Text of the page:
Looking Forward Into 2015
As 2014 draws to a close property companies are making public their forecasts for the year ahead. Next year will be an election year, with the traditional market slowdown expected by the various property specialists to have made predictions for 2015 and beyond. Already we are seeing price cuts being offered by sellers who are keen to make a sale before the end of 2014 or face waiting beyond the election as buyers sit back and wait to see the results of the election and the resultant market mood.
In short, the election in May 2015 is throwing up four key issues that are predicted to impact on the property market. The prospect of Bank of England base rate rises has been haunting buyers for a long time now – the new political environment could trigger the higher interest rates that have been rumoured for months. If so they will work against buyers and may hold back price rises. There is also the prospect of mortgages becoming harder once again to get hold of. Just as the effects of the MMR measures of April 2014 start to ease the Bank of England is believed to want the power to intervene directly in the mortgage market and limit the amount of mortgages that lenders can issue on properties of a certain value.
The future of Help-To-Buy is also in doubt, whether Labour or Conservatives hold power after May. Now we know the scheme has helped around 17,000 people into home ownership, but both George Osborne and Ed Balls are believed to be planning to scrap the initiative that underwrites purchases of up £600,000. Finally, the high end of the market and London especially could be hit with a Mansion Tax if Labour and the Lib Dems achieve election success.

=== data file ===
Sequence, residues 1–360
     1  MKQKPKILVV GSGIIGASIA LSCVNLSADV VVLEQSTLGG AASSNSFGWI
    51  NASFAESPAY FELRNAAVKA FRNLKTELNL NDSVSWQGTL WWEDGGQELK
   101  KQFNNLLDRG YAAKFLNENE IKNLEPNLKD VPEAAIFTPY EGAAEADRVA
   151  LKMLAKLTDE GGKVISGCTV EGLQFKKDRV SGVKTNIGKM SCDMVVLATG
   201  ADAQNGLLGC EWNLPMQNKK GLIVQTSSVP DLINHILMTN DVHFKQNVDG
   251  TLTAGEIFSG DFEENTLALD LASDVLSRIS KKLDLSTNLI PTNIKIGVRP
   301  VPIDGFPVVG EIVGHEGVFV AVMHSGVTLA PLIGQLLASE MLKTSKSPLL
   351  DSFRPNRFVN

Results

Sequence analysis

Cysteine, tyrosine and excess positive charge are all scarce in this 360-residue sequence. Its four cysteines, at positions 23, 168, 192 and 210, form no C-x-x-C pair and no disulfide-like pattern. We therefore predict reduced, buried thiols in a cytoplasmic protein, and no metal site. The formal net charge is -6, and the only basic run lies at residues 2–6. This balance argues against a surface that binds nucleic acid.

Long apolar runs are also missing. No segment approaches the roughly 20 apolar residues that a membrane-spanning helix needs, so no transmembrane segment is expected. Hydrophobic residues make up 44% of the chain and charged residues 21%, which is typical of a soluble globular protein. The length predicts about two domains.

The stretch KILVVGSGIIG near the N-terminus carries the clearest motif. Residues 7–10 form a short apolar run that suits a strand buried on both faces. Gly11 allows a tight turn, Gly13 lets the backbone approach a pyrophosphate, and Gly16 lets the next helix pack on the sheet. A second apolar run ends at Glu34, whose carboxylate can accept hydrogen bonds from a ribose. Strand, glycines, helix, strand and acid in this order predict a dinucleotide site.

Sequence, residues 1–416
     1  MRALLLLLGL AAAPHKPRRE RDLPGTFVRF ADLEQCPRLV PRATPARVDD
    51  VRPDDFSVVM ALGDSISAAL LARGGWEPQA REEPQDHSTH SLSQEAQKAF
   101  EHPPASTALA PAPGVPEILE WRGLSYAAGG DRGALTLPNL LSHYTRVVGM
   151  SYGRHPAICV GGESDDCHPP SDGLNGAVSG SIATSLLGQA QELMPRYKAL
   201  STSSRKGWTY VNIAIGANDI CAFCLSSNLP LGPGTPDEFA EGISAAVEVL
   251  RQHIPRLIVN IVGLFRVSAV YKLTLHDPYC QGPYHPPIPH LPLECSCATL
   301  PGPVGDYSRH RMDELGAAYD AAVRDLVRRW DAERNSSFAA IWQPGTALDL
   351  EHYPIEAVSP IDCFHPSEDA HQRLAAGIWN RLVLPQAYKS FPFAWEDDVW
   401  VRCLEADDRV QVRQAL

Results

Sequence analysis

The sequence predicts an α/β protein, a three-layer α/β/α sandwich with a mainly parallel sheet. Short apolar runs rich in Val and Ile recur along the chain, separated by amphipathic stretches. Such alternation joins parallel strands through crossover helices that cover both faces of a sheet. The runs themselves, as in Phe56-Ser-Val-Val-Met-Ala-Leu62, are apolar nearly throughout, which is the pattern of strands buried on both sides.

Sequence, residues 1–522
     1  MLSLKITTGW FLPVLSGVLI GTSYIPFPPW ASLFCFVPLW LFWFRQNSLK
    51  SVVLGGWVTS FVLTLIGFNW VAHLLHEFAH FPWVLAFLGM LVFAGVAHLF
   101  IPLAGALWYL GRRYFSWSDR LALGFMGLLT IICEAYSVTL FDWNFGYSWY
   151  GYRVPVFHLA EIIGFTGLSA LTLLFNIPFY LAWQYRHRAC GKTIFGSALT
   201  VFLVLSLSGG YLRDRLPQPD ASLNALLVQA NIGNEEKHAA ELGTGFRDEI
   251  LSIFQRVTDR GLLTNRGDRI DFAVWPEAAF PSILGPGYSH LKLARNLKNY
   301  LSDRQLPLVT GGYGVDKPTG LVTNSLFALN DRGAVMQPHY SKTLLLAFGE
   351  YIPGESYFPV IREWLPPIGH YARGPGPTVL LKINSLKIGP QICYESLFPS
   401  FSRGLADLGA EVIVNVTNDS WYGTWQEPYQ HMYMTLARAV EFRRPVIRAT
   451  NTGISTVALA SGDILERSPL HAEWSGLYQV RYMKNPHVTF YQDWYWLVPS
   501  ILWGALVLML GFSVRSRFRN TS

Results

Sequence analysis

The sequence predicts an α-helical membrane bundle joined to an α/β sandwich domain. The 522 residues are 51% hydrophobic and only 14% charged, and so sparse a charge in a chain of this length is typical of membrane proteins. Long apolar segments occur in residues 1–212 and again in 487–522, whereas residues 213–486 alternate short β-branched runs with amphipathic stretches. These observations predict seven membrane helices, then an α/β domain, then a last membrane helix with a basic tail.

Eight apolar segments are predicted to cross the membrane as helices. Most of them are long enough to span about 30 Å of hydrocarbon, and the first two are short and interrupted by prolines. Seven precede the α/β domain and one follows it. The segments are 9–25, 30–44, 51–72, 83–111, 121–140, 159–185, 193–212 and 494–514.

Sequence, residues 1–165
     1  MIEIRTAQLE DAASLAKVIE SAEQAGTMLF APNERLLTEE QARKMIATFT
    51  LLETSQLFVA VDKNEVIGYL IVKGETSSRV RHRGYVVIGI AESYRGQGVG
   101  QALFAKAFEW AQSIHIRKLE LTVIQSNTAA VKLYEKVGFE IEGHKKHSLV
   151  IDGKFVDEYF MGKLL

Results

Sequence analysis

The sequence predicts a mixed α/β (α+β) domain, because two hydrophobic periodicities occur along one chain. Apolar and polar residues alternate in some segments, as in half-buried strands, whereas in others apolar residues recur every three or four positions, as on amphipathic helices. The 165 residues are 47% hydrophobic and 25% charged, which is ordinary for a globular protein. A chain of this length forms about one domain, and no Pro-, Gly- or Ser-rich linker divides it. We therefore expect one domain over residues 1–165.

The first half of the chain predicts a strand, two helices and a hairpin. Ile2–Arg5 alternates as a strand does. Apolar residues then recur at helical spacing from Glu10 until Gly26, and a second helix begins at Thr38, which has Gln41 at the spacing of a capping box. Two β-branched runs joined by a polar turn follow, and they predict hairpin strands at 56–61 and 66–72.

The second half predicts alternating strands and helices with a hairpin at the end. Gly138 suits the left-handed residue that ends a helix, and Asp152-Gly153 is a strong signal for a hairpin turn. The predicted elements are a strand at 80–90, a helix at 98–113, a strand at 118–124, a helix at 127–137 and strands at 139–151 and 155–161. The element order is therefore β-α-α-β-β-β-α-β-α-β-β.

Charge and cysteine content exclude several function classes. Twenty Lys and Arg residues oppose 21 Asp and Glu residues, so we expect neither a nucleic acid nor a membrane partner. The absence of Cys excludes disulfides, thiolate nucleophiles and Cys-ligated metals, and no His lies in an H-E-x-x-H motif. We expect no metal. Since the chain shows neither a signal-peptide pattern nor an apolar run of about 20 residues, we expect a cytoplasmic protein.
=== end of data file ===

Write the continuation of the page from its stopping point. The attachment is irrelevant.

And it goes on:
Taken together all of this signals a slowdown in the market during 2015 as the uncertainty leads potential investors to hold back. All of the main parties have made grand proposals for new building schemes in the wake of the election, though whether these pledges are anything more than electioneering bluster remains to be seen. Buyers are similarly likely to hold onto their cash until the supply of affordable homes becomes a reality.
Quite what the scale of the slowdown will be is hard to predict. Strutt and Packer suggest price rises of just 2 per cent across 2015, on top of rises of 3 per cent this year – compared with rises of 13 per cent across both 2010 and 2011. Knight Frank forecast growth of 3.5 per cent, down from 7 per cent rises in 2014 according to their criteria.